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Preparing for Crisis With a Tabletop Drill

Tuesday, January 8, 2019  
Posted by: Christina Mimms
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One of the best ways to improve and demonstrate safety preparation is through tabletop safety drills. During tabletop exercises, school leadership teams work through their response to a sample crisis. This allows for a full accounting of where your school is regarding emergency response management, as well as identifying areas that need attention and improvement. Here’s a “how-to” on running a successful tabletop exercise. 

Before the Exercise

The first task is to choose an appropriate scenario. It should be relevant to your school’s needs and as specific as possible. If it’s an earthquake, how strong is it? What is the weather like outside? When does the ground start shaking and when does it stop? What day of the week is it? These details will inform every aspect of how the scenario plays out, from the resources available to your school to how large of a response is necessary. Don’t be afraid to pick something challenging. This is the time to work through that disaster scenario that keeps you up at night.

Everyone participating in a scenario should think about:

  • Defining the first steps in a crisis.
  • As the scenario unfolds, how to utilize the crisis team through effective communication.
  • The resources they need and the resources that are available.
  • Training needs for staff/faculty.
  • Response areas that need improvement. 

Providing guidelines like these before a tabletop scenario allows the time during and after the tabletop to be centered around the key mission of all of this – how can school leaders best protect our community and our students?

During the Exercise

Once the outlines are established, the scenario can commence. It is important that everyone participating does so in the same way they would if the situation were really happening. Once the exercise begins, start working through the response. As you break up the response chronologically, members of the leadership team should be able to answer these four questions as they relate to the task at hand:

  • What are my responsibilities?
  • Who do I need to communicate to/with?
  • Who do I need communication from?
  • What are the specificactions I need to take?

Scenario Begins: These first moments of an emergency will be critical. If the scenario calls for it, swift evacuation and attendance-taking is the key goal. If this is a lockdown scenario, think through how to initiate lockdown as quickly as possible.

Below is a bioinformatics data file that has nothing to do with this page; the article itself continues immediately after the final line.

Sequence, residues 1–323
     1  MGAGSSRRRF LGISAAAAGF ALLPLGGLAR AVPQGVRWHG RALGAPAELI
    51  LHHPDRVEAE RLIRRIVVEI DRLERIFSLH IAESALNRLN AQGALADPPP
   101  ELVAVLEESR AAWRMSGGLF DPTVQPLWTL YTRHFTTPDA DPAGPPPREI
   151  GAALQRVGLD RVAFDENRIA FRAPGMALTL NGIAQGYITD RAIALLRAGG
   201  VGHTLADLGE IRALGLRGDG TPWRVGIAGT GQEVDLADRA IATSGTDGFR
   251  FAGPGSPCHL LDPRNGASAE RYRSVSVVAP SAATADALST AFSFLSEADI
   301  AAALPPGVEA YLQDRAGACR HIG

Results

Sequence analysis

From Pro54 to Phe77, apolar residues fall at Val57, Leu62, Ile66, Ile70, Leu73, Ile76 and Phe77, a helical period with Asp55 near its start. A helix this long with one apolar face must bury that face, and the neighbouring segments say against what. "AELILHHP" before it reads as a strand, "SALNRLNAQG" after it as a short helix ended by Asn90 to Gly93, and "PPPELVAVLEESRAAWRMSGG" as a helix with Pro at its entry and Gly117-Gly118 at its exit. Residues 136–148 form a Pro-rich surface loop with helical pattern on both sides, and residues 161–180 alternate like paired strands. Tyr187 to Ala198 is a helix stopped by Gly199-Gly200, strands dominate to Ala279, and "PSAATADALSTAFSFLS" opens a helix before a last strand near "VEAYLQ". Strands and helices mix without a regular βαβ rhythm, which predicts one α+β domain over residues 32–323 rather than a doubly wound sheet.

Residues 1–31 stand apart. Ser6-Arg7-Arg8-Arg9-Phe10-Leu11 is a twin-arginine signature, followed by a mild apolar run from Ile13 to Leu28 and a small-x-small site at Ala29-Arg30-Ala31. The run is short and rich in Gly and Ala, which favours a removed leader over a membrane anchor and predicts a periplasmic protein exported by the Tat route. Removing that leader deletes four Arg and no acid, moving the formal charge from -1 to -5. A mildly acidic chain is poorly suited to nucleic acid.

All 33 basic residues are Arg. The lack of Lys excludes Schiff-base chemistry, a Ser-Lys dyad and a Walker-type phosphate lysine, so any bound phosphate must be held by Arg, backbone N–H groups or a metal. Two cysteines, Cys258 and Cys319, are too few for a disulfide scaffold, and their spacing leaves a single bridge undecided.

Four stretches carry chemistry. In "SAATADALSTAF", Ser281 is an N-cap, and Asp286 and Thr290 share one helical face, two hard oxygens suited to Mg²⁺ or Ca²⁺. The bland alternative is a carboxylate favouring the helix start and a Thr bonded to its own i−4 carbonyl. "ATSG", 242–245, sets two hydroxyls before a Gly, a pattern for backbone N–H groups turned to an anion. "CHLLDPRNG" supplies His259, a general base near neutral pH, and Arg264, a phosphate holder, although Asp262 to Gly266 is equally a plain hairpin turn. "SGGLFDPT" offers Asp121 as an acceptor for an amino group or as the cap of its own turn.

Leadership Team Communication: The school leadership team must be in contact with one another immediately. The more quickly team members are in communication and can assemble, the faster we can begin coordinating our response. Think through the obstacles that could keep the team from gathering quickly.

Communication with Faculty, Staff, Students, and the Community: Generally speaking, your school will need to send a message that provides details about the event occurring. Depending on your scenario, multiple types of communications may need to go out. 

If the event is a natural disaster, the leadership team’s first priority is likely internal communications to faculty and staff about the immediate next steps in your school’s response, like search and rescue or first aid efforts. Of course, if that’s the case, your leadership team needs to think through a whole host of additional items, like what those teams look like, who calls them into action, and the actions they will be asked to perform. 

If working through a lockdown scenario, what does the communication to the community need to say? What do parents or guardians need to know? For example, they need to know whether to stay away from campus or not. 

Student Care and Dismissal: Whether students are on lockdown in classrooms or assembled in a larger gathering, think through the reality of hundreds of students with nothing to do. They’ll need activities, food, water, supervision, and more to get through it. 

And, although it means the event is coming to an end, the reunification of students and parents is another complex element that must be considered in your tabletop. A swarm of anxious parents descending on your campus would be a logistical issue in the best of times. 

Is this starting to feel somewhat overwhelming? Remember to keep the initial objectives of the tabletop in mind. The goal through all of this is to identify where additional resources and training need to be directed. 

After the Exercise

No two schools are the same. There is no “one size fits all” solution to school safety. One of the greatest things about a tabletop exercise is that it brings a team into the reality of how YOUR school will respond in an emergency. Does everyone on your leadership team feel like they know their responsibilities throughout an emergency? Do they have the resources and training they need, or a plan to get them? 

Expect to leave a tabletop scenario with a list of action items. That list’s length will vary, but don’t be discouraged if it stretches to the floor. Safety starts with confidence, and the best way to instill confidence? Practice, practice, practice.

Here are two sample tabletop presentations:


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